‘Amazing’ Preston leisure development gets the green light on the banks of the River Ribble
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The development - on the edge of the River Ribble and close to Preston Marina - will involve a radical revamp of the existing Trax Motor Centre site and will offer sports including canoeing, stand-up paddle boarding and water-skiing.
The current operation - off Wallend Road - has long been centred around motocross and go-karting which, while open to the public, is part of a wider project providing training and education facilities for children in care.
Under the blueprint that has now been approved by Preston City Council’s planning committee, just under a third of the 33 hectare plot - recently christened Phoenix Park - will be redeveloped to create a “leisure lake”, dry ski slope and mountain biking track.
Thirteen lodges will also be built on the lakeside and used as “transitional accommodation” for post-16-year-old students, to give them a greater degree of independence, but while still delivering the ongoing support and supervision that their care plans require.
The new leisure activities will all operate on an advance booking system, meaning thrill-seekers will not just be able to pitch up and get stuck in.
The plans are the second of what is expected to be a five-phase scheme that it is intended will eventually also deliver a climbing wall, high ropes course and 4G football pitch, subject to the further necessary planning permission.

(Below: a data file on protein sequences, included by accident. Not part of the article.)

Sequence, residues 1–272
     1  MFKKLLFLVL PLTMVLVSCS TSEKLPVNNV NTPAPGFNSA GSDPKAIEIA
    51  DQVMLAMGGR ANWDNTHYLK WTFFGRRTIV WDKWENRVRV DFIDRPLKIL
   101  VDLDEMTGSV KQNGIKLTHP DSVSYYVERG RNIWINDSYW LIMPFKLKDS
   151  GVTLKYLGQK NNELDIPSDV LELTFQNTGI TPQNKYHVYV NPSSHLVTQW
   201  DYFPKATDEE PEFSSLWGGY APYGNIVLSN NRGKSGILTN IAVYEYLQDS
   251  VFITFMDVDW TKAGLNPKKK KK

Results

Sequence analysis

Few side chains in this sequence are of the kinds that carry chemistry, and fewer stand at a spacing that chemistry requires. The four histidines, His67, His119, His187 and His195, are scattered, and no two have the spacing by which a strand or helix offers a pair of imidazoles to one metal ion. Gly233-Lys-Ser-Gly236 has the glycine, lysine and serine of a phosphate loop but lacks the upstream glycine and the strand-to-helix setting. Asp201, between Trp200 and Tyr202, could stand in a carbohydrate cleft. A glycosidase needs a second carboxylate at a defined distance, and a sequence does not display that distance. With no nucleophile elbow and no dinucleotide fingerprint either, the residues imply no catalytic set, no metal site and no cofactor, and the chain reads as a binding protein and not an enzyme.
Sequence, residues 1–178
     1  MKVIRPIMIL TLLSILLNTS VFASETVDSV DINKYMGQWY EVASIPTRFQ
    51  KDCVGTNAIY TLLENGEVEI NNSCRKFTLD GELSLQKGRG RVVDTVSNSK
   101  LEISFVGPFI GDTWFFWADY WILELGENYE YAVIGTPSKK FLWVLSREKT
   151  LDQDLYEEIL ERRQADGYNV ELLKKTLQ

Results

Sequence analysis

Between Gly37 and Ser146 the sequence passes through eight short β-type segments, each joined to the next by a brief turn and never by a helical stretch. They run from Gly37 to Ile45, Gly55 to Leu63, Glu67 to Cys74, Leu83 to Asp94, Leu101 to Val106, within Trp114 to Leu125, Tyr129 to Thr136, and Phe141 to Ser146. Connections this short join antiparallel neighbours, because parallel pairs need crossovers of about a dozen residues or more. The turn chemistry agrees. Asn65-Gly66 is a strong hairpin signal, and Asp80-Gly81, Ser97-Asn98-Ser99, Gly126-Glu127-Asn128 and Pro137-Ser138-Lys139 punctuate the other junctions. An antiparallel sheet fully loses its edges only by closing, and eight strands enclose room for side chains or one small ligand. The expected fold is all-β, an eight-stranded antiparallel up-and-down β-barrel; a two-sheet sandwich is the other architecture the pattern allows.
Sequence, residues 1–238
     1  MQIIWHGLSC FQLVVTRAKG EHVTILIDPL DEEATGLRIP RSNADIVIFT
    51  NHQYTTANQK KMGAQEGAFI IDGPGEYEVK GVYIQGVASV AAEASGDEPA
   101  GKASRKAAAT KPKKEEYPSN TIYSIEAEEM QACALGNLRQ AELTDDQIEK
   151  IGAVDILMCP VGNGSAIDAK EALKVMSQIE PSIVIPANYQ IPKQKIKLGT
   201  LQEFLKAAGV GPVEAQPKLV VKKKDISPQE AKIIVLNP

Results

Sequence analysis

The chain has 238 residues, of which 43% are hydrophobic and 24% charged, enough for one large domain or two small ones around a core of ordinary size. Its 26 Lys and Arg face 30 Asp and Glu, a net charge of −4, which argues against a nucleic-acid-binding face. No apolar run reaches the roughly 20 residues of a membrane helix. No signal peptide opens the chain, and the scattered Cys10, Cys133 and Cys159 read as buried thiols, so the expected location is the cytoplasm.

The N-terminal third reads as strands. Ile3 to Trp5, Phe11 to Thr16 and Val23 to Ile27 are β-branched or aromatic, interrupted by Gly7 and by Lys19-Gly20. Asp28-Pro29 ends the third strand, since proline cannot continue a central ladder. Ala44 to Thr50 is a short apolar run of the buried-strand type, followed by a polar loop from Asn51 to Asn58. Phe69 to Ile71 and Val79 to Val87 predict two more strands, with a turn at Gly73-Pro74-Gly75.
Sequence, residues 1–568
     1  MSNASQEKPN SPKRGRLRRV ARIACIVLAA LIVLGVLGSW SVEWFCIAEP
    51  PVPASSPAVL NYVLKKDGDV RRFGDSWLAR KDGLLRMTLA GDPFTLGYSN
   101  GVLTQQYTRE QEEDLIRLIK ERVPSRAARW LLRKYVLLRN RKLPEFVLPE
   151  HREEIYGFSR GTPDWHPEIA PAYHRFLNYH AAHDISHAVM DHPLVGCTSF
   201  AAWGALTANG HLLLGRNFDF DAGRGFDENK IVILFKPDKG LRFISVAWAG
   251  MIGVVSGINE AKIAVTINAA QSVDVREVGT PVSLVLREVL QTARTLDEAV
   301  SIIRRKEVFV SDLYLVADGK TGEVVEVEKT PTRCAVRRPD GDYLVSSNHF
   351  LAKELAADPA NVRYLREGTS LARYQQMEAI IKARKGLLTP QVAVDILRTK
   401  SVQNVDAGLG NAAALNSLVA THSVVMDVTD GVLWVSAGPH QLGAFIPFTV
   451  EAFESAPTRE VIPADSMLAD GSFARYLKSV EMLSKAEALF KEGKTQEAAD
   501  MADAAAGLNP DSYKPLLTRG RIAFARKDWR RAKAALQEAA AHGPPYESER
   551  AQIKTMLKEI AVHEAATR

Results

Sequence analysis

New walking and cycling routes - along with a nature trail - are also in the offing, while an extension of the nearby Ribble Steam Railway has been mooted as a possibility as part of a masterplan that has been drawn up for the area.
The latest planning approval comes after the green light was given to a four-storey education centre on the site back in November 2021. That structure - known as the Pioneer Tec Building - will be the base from which some of the new facilities are managed and will also include residential accommodation for up to 25 youngsters, as well as a café and shop.
Committee members unanimously approved the phase 2 plans - as recommended by council planning officers - in spite of the fact they conflicted with some elements of local planning policy because the site is classed as being in an area of “open countryside”.
Cllr David Borrow - the city council’s cabinet member for planning and regulation, who also sits on the planning committee - told the meeting at which the project was granted permission that its secluded location meant “most people don’t know that [the current development] is there and most people won’t know [the new one] is there when it’s built”.
His committee and cabinet colleague Jennifer Mein, who is responsible for health and wellbeing, added: “It will provide an amazing opportunity for children in care, but also other groups - we haven’t got anything like it.
“It’s not going to impact on residents,” Cllr Mein said.
However, Cllr Stephen Thompson was concerned that it would have an impact on what he described as a “very sensitive environmental site” nearby - a reference to the Ribble Estuary Site of Special Scientific Interest (SSSI). He also questioned whether screening was being proposed along the riverside edge of the development, because of that area's use by migrating birds.